Various methods for Javascript sum array

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Various methods for Javascript sum array

Talking about Javascript sum array, this is a very basic question for any Javascript beginners. But how many ways do you know to calculate the summation of an Javascript array?

Okay, let us dig out all of possible ways to do it.

ATTENTION!!!

This article is dedicated to new Javascript developers or beginners only. If you are an experienced Javascript developers, you don’t have to read this since it does not go deep into explaining anything at all. Just a simple introduction!

Table of Contents

Javascript Sum Array

Array is, of course, a collection of data put into a variable in Javascript.

This is not the same as other languages where data should be in the same data type, but you can put into a Javascript array any data type.

So, before calculating Javascript sum array, we should make assumption that array should contain only number type value or object element with number properties.


var coll = [1, 2, 3];

var dataset = [
    { 'city': 'New York', 'distance': 1024 },
    { 'city': 'Chicago',  'distance': 2048 },
    { 'city': 'Denver',   'distance': 3000 },
    ...
];

That’s the condition for following methods to work.

Naive element summation

With a very short array and we can directly use plus sign to make sum of all elements. Just like this:


var coll = [1, 2, 3];

var sum = coll[0] + coll[1] + coll[2];

Of course, this is applied only with very short arrays.

In reality, you will rarely use it anyway.

I just want to mention to let you know such a method existed.

Using basic for loop

Have you learned through Javascript loop yet? Alright, let’s try it.


var coll = [1, 2, 3];

var sum = 0;

for ( var i in coll ) {
    sum += coll[i];
}

Nothing special here, and this is what any Javascript developer learn at loop lesson.

Because this method is introduced as basic method, so it becomes pretty popular methods for many developers.

In facts, I’ve seen lots of code written using this method.

In addition to this basic for, you can also use while, do..while .

There is not much different among them.


var coll = [1, 2, 3];

var sum = 0, i = 0;

// Using while
while( i < 3 ) {
    sum += coll[i];
    ++i;
}

// Using do..while
do {
    sum += coll[i];
    ++i;
} while (i < 3);

Using array forEach()

This is a very convenient function created for Javascript for easy iteration. I’m not discussing about its definition, if you want to see detail, read this page.

Let see how it works through following example.


var coll = [1, 2, 3];

var sum = 0;

coll.forEach(function (e) {
    sum += e;
});

Don’t forget that It works fine for array of objects, too.


var dataset = [
   { 'city': 'New York', 'distance': 1024 },
   { 'city': 'Chicago', 'distance': 2048 },
   { 'city': 'Denver', 'distance': 3000 }
];

var total = 0;

dataset.forEach(function (e) {
    total += e.distance;
});

Comparing with for loop, you don’t have to worry about the array index, which can easily lead to off-by-one error.

Wait, just stop right here!

Think about this, do you get off-by-one error often?

If the answer is yes, I think, you should be more careful with the code, or make it safe by starting to use forEach.

Using reduce() function

reduce is a very powerful function. Most of Javascript beginners don’t know how to work with, think it complicated and as a result, forget about it.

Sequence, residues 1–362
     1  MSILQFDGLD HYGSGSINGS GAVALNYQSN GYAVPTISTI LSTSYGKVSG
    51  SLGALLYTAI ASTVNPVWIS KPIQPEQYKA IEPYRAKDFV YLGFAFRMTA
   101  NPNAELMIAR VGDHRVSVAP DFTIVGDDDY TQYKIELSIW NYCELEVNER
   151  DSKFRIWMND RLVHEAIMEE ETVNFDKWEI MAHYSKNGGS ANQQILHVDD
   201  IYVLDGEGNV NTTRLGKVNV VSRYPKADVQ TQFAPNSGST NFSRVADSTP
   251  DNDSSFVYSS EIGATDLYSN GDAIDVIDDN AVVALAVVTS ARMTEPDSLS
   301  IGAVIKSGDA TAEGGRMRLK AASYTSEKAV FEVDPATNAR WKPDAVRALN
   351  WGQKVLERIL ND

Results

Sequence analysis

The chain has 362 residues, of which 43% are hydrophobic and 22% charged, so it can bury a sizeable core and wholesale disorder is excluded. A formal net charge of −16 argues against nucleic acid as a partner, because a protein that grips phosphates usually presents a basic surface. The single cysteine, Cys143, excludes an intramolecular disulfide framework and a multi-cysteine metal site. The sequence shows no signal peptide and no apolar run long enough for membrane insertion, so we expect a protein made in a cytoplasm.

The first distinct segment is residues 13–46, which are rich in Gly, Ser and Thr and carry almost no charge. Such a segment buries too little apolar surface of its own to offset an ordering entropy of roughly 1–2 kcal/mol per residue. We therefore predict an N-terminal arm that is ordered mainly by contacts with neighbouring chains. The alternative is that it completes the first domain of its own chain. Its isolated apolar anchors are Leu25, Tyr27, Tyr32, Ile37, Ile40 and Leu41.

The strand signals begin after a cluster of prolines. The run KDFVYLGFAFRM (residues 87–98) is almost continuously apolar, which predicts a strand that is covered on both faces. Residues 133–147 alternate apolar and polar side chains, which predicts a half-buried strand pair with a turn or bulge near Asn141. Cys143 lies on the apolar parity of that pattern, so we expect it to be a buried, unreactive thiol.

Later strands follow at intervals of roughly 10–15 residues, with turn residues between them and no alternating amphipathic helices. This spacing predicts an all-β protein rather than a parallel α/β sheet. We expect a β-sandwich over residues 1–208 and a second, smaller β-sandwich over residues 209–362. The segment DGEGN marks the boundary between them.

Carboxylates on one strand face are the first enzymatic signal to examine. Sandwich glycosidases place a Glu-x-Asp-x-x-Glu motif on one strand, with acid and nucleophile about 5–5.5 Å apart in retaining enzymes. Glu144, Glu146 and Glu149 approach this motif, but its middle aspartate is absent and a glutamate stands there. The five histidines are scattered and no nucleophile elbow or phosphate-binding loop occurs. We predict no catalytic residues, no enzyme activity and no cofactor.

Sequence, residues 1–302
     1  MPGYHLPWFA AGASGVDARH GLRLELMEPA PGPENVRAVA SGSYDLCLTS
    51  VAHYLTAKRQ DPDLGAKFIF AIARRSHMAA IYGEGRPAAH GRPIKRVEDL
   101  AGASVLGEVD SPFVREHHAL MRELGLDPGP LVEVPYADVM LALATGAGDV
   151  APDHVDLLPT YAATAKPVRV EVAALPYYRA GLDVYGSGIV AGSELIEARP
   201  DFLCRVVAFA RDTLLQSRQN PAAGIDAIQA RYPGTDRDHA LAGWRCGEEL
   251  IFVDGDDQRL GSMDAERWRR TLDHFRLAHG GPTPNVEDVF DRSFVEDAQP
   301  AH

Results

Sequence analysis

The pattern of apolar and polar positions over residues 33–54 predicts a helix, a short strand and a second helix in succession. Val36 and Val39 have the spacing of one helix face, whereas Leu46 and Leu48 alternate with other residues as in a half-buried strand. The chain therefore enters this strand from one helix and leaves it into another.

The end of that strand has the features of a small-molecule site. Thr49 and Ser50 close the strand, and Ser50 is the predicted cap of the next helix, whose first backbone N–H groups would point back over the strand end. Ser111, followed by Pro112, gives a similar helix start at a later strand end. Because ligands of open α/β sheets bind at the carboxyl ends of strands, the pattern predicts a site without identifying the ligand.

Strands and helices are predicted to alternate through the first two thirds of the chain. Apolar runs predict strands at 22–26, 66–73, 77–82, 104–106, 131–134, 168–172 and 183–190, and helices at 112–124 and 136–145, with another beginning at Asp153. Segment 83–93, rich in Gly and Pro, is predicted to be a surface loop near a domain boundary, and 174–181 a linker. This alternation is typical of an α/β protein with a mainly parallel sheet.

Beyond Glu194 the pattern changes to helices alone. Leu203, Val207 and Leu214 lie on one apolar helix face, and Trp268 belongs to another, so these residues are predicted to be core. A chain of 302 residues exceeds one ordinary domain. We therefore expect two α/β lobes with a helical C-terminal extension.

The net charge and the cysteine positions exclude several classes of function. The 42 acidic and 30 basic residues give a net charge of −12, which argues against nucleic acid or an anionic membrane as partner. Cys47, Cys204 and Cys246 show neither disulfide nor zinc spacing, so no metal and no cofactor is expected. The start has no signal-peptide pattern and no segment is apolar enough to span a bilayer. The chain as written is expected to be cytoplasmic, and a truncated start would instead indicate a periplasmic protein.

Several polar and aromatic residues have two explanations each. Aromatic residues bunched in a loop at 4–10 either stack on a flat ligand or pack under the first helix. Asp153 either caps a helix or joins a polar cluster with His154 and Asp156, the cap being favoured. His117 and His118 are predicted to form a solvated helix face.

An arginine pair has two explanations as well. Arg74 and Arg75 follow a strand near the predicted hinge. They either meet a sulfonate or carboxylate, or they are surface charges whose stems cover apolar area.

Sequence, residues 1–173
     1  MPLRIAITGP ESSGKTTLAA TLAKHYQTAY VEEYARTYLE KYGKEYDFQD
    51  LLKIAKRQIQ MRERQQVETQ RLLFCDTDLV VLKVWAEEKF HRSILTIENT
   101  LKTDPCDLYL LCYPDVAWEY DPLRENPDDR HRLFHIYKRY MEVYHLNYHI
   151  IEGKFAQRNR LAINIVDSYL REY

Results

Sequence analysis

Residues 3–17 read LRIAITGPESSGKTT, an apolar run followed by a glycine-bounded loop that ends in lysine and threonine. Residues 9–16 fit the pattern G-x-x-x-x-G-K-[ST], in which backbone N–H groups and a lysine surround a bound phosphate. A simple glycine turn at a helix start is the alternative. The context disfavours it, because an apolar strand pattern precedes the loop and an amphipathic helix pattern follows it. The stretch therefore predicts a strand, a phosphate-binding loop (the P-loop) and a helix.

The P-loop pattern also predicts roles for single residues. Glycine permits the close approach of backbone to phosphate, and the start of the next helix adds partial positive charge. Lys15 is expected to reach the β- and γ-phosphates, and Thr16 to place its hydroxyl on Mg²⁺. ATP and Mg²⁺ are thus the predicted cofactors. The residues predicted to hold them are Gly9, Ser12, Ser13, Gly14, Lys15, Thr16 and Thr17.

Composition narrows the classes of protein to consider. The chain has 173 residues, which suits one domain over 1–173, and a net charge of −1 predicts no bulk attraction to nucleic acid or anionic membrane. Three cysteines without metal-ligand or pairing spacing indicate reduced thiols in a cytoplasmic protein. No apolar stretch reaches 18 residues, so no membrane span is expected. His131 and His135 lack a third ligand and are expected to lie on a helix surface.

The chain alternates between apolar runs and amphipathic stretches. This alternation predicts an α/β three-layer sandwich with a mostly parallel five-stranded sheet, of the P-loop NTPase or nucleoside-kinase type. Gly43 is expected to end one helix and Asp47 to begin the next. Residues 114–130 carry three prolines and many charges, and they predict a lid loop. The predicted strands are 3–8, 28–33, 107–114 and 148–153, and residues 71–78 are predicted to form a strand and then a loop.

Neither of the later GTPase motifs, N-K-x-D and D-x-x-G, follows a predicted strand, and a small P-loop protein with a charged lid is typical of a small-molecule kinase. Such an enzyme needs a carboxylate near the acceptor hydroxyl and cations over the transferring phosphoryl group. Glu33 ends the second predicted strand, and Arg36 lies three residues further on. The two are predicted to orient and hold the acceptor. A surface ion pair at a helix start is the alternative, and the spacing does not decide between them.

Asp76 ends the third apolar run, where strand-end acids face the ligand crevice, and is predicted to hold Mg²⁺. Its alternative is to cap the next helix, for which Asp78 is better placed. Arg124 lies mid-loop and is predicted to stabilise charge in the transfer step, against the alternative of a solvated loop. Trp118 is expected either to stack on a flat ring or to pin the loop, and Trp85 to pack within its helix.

Okay, put all things aside, just go straight, use reduce and make Javascript sum array.


var coll = [1, 2, 3];

var sum = coll.reduce(function (prev, current) {
    return current + prev;
}, 0);

Applying with an array of object.


var dataset = [
   { 'city': 'New York', 'distance': 1024 },
   { 'city': 'Chicago', 'distance': 2048 },
   { 'city': 'Denver', 'distance': 3000 }
];

var sum = dataset.reduce(function (prev, current) {
    return current.distance + prev;
}, 0);

Does using reduce gain any benefit or performance over foreach or for loop?

Well, this depends on the problem you try to solve. In most cases, all of them result the same.

If you simply just want to avoid variable spoil, I suggest to use Javascript reduce function.

Combining with ES6 arrow function

Javascript ES6 is a new thing, but it is widely applied in most browsers as Javascript keeps growing fast these days.

When using forEach or reduce, you can improve readability by combining with arrow function.


var coll = [1, 2, 3];

// forEach with arrow function
var sum = 0;
coll.forEach( e => sum += e );

// reduce with arrow function
var sum = coll.reduce( (prev, current) => current + prev, 0);

Evil eval()

Have you ever heard about this eval() function?

It is an evil function. You can search more about it via Google.

So how to apply it to calculate sum for array?

It works like this.


var coll = [1, 2, 3];

var sum = eval( coll.join('+') );

What eval function does is, it will try to execute Javascript string statement and return the result.

So whatever valid Javascript put into eval() as parameter will be executed.

It is so powerful but also evil. So don’t use unless you know what you’re doing.

Generally speaking,

These are known and common methods.

If you ask me, what is my preferred method? I will say, I would go with using reduce function.

Because it is readable and easy to write.

This Javascript sum array is just an example of how to use various methods to handle array data.

These methods can similarly be applied for many kinds of data manipulation. As you have more experiences with Javascript, you will find them very helpful in your Javascript development journey.

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